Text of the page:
The economy is trash

Those living in the vicinity of China's Asuwei dump may soon find relief.

This month, the government is installing high-pressured guns that will spray deodorant on the ever-growing trash pile. The "Made in China" guns can spray at a distance of 15 to 50 metres. This will stop the stretch and the complaints of residents living downwind. The smell of the Beijing's 18,000 tonnes of waste produced daily was becoming too much to stomach.

A lot people think the global economy is in the trash. Really, it is the trash. And, China's overflowing landfills and deodorant guns only demonstrate the growth of an increasingly consumer-driven society.

This isn't just true of China. The signs of that country's emerging economy are apparent in its landfills, but North America is already wrapped up in a throwaway economy. The Depression-era mindset of saving and reusing is a thing of the past (even if we did see its brief resurgence during the financial crisis). That makes dumpster diving the leading indicator of the economies and politics of our time - even if it's not the most pleasant.

Trash says more than we might expect. Many look at the food we eat, the clothes we wear and the homes we live in as societal indicators. Of course, this is all stuff we buy. And, as Annie Leonard reported in her documentary, The Story of Stuff, only one per cent of it is still used six months after the date of purchase.

"In other words, 99 per cent of the stuff we harvest, mine, process, transport, 99 per cent of the stuff we run through this system is trashed within six months," she says.

That's what is currently fuelling China's growth in economy and trash.

Changes in China's economy has allowed for the growth of a middle class with disposable income. That's evidenced by the fast food restaurants and malls popping up everywhere and the logo-embellished packaging that ends up in landfills.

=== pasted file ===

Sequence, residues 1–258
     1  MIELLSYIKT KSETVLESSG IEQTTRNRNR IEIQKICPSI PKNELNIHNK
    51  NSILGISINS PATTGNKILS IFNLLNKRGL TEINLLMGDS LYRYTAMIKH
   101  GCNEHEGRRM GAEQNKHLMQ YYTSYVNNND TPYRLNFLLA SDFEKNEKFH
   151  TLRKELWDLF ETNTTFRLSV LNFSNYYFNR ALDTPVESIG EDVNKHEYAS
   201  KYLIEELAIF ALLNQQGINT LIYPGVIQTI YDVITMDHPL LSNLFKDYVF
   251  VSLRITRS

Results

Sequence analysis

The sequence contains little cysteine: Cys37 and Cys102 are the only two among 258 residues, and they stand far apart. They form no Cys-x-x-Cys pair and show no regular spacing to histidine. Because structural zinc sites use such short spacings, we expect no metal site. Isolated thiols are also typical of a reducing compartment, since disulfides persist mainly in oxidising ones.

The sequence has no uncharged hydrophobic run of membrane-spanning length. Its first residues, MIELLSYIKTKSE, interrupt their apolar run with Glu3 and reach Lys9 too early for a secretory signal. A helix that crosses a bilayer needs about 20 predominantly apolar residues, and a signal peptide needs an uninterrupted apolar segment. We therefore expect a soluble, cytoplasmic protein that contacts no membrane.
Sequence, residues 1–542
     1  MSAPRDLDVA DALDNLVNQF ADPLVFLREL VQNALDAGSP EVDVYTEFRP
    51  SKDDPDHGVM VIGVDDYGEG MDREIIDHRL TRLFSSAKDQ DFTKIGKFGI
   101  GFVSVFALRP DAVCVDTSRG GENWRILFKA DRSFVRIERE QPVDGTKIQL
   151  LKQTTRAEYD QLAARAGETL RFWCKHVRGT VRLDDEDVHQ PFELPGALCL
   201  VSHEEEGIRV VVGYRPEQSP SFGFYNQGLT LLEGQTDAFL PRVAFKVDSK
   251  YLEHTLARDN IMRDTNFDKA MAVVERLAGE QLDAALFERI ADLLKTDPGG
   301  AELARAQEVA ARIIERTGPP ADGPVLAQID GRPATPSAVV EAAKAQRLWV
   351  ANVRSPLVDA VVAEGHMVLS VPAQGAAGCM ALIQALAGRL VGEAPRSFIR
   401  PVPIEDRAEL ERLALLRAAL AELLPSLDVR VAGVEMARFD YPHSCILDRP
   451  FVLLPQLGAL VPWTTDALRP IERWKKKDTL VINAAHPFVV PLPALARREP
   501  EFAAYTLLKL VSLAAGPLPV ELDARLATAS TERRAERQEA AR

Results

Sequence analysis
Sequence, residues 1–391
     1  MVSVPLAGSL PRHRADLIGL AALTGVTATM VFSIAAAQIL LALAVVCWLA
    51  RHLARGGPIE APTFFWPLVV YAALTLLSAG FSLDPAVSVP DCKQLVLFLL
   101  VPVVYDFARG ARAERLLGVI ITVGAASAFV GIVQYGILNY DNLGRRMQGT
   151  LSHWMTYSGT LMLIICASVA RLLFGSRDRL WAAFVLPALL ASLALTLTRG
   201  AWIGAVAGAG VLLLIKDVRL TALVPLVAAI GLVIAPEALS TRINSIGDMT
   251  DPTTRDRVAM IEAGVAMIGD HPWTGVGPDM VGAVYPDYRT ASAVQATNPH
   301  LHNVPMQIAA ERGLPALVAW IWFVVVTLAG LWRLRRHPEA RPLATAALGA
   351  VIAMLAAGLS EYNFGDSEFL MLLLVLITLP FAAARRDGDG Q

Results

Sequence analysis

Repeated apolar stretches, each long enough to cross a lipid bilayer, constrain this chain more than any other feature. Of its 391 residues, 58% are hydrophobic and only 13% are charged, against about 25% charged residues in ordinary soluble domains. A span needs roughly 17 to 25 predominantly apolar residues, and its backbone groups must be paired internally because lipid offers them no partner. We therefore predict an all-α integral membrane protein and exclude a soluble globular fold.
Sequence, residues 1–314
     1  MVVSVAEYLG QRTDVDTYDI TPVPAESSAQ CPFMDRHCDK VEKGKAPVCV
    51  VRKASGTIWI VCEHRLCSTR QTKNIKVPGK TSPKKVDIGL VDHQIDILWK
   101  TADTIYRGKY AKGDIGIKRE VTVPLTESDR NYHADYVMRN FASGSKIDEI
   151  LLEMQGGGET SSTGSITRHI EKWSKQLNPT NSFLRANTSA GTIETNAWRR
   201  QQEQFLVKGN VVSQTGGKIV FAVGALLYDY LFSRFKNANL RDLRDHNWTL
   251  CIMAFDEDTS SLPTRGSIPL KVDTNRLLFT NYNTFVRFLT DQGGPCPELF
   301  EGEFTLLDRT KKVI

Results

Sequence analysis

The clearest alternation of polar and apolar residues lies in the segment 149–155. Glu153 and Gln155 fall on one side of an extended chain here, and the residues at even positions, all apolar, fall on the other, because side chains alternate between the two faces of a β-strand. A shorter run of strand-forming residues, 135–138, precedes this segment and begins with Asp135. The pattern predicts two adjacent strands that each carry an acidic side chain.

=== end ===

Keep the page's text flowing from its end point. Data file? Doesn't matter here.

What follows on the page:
As this growth in garbage represents a growth in the economy, China wants it to keep it piling up.

So does North America. During the financial crisis, a reduction in garbage seemed to be the harbinger of bad news.

Across Britain, city councils and waste management companies reported drops of up to 10 per cent in waste collection. Meanwhile in New York City, Action Carting Environmental, the city's largest commercial garbage collection company, saw about 400 clients go out of business in first quarter of 2009, meaning less trash for the firm to haul.

Economists only needed to watch curb-side pick-up to see consumer confidence hitting all-time lows. People were buying less - that meant less to throw out.

Today, as our waste production goes back to previous levels, governments take a variety of actions to keep them smelling sweet - be it feats of engineering here in North America or perfume guns in China. But, these solutions only mask an unsustainable level of consumerism for both the environment or for us.

Rather than continuing on a linear production path that takes products from cradle to grave, we need to move towards something more cyclical. The cradle-to-cradle approach models after nature, allowing products to return to the earth. Producers are encouraged to redesign their processes using renewable energy, biological inputs that can decompose and technical inputs that are continually recovered and remanufactured.

This virtually zero-waste model would still serve as an indicator. This time, it would show that nations from the United States to China are adopting a system based on the limits of the environment rather than covering up the smell. That way, business can find internal savings rather than extracting from the earth. As well, we can stop throwing our money in the trash by buying products with longer lifecycles.

This lack of garbage indicates something sustainable. And, it shows landfills for what they are - just a load of garbage.